Self Care is Not a Luxury Item

Self Care is notA Luxury

I choose to do some self care by receiving a deep tissue massage today. Now many of you may be thinking “Oh how nice, a spa day. What a nice way to treat yourself.”

I used to believe that massages were something to be indulged in once in a while as a nice, relaxing treat. But after suffering a debilitating bout of muscle spasms in my neck a few years ago I have come to realize a different truth.

Massage for me is a necessary part of taking care of myself.

Because guess what my friends?

Self Care is Not a Luxury Item

I know this can be a hard motto to live by.

As a woman, a mom, and a type A responsible overachiever,  I tend to put others needs before myself.  There is making sure the fridge is full of food that then has to be cooked and served and cleaned up. There is laundry to do and errands to run. There is work and carpool and volunteer responsibilities. There is cleaning up after the dog . . . again.

Who has time to do anything for themselves?

But when I ignore my body’s needs long enough, it starts speaking louder so it can be heard.

Maybe my neck will spasm. Maybe I’ll get a monster sinus infection. Maybe the panic attacks will return.

Someway, somehow, our bodies will let us know they need rest and care.

At some point while waiting in a doctor’s office to heal my body’s latest cry for help, I realized I had two options. I could either continue having semi annual medical issues that ended in me loosing at least a couple weeks of productivity and paying hefty medical fees,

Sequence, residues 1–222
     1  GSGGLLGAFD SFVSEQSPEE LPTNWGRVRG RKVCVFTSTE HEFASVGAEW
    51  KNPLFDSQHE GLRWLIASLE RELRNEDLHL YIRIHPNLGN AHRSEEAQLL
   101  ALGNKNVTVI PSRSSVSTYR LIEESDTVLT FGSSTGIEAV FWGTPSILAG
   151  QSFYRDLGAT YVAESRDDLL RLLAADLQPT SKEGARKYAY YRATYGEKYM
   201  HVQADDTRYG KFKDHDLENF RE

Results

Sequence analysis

Or I could choose to put in a little time and money on a regular basis to take care of myself. And if I took care of myself well enough, I wouldn’t keep pushing my body to the breaking point.

So I started eating better most of the time. I started exercising a couple times a week. I get monthly massages. I make sure I have a few hours a week where I can come away from my family and work responsibilities and REST.

I am by no means taking perfect care of my middle aged body. But I am trying to do better at self care. And knock on wood, it seems to be helping.

Since making the commitment to self care I have been to the doctor less, been more productive, and had a better overall mood.

There are times when I am tempted to backslide. When I recently looked at our bills for the month and saw how much money I was spending on massages and the gym, much less how much it costs to buy healthy food for 4 people at the grocery store, I was tempted to cut something out.

The Type A momaholic in me said, “Oh, I don’t have to pay for that gym membership and trainer. I can just exercise at home.”

But then I had to remind myself that spending money on self care is not the same as spending 4 bucks on a latte. It is not wasteful spending.

Because even though cutting the gym membership would save time and money, I would still lose out. For in my heart I know I won’t exercise at home without that appointment with the trainer. Instead I would find a million other things to do. And when I have an appointment with a trainer I keep it, because, well, I am a type A overachiever who wants to make my trainer happy.

But putting in a good workout away from home makes my body and mind happy too. So I’ll keep paying that monthly bill knowing the time and energy I spend on taking care of myself is a wise investment.

Because when I care for my body, mind, and spirit I am at my best. And that is a gift I can’t put a price on.

What does your body, mind, and spirit need to be your best?